All of the configurable parameters of a Component – that is, for which it has ParameterStates – are listed in its user_params attribute, which is a read-only dictionary with an entry for each parameter. The parameters for a Component’s function are listed both in a FUNCTION_PARAMS entry of the user_params dictionary, and in their own function_params attribute, which is also a read-only dictionary (with an entry for each of its function’s parameters). The ParameterStates for a Mechanism or Projection are listed in its parameter_states attribute, which is also read-only.

An initial value can be assigned to a parameter in the corresponding argument of the constructor for the Component (see above. Parameter values can also be modified by a assigning a value to the corresponding attribute, or in groups using the Component’s assign_params method. The parameters of a Component’s function can be modified by assigning a value to the corresponding attribute of the Component’s function attribute (e.g., myMechanism.function.my_parameter) or in FUNCTION_PARAMS dict in a call to the Component’s assign_params method. See ParameterStates and Parameters for additional information.

## Execution¶

A ParameterState cannot be executed directly. It is executed when the Component to which it belongs is executed. When this occurs, the ParameterState executes any Modulatory Projections it receives, the values of which modulate parameters of the ParameterState’s function. The ParameterState then calls its function and the result is assigned as its value. The ParameterState’s value is used as the value of the corresponding parameter by the Component, or by its own function.

Note

It is important to note the distinction between the function of a ParameterState, and the function of the Component to which it belongs. The former is used to determine the value of a parameter used by the latter (see figure, and Execution for additional details).

## Class Reference¶

class psyneulink.core.components.states.parameterstate.ParameterState(owner, reference_value=None function=LinearCombination(operation=PRODUCT), variable=None, size=None, parameter_modulation_operation=Modulation.MULTIPLY, params=None, name=None, prefs=None)

Subclass of State that represents and possibly modifies the parameter of a Mechanism, Projection, or its Function.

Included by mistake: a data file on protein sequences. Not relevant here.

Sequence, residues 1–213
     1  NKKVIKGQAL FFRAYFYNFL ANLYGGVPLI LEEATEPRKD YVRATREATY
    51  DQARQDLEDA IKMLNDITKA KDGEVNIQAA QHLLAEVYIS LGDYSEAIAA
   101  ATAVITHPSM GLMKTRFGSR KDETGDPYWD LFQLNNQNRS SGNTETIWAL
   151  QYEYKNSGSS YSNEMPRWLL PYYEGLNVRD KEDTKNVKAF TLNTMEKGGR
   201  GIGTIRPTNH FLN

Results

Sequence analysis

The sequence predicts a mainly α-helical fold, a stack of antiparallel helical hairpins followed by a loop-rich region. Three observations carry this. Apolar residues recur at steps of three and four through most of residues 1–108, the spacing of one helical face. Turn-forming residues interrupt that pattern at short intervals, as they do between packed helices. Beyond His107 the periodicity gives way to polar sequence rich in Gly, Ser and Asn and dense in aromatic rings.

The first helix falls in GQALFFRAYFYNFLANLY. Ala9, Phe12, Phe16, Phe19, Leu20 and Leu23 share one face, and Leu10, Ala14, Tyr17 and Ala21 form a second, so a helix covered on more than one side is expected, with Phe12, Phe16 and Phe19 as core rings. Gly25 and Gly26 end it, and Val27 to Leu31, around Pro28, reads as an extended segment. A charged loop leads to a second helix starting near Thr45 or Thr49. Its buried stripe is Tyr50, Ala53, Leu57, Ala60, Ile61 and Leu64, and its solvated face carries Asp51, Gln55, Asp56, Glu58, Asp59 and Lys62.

owner

Mechanism or MappingProjection – the Mechanism or MappingProjection to which the ParameterState belongs.

mod_afferents

Optional[List[Projection]] – a list of the ModulatoryProjection that project to the ParameterState (i.e., for which it is a receiver); these can be ControlProjection(s) and/or LearningProjection(s), but not GatingProjection. The value of each must match the format (number and types of elements) of the ParameterState’s variable.

variable

number, list or np.ndarray – the parameter’s attribute value — that is, the value of the attribute of the ParameterState’s owner or its function assigned to the parameter.

function

Function : default Linear – converts the parameter’s attribute value (same as the ParameterState’s variable) to the ParameterState’s value, under the influence of any ModulatoryProjections received by the ParameterState (and listed in its mod_afferents attribute. The result is assigned as the ParameterState’s value.

value

number, List[number] or np.ndarray – the result returned by the ParameterState’s function, and used by the ParameterState’s owner or its function as the value of the parameter for which the ParmeterState is responsible. Note that this is not necessarily the same as the parameter’s attribute value (that is, the value of the owner’s attribute for the parameter), since the ParameterState’s function may modify the latter under the influence of its mod_afferents.

name

str – the name of the ParameterState; same as the name of the attribute for the Parameter to which the ParameterState corresponds.

Note

Unlike other PsyNeuLink components, State names are “scoped” within a Mechanism, meaning that States with the same name are permitted in different Mechanisms.

prefs

PreferenceSet or specification dict – the PreferenceSet for the ParameterState; if it is not specified in the prefs argument of the constructor, a default is assigned using classPreferences` defined in __init__.py (see PreferenceSet for details).